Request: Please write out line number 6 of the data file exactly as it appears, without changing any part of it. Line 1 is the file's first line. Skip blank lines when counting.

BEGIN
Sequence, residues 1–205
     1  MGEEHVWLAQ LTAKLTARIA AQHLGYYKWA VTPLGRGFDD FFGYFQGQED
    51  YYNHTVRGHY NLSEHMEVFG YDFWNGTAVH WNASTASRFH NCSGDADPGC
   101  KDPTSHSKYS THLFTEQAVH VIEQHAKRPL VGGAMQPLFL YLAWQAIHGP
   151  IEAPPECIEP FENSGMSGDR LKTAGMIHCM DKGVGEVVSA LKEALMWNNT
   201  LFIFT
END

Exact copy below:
   201  LFIFT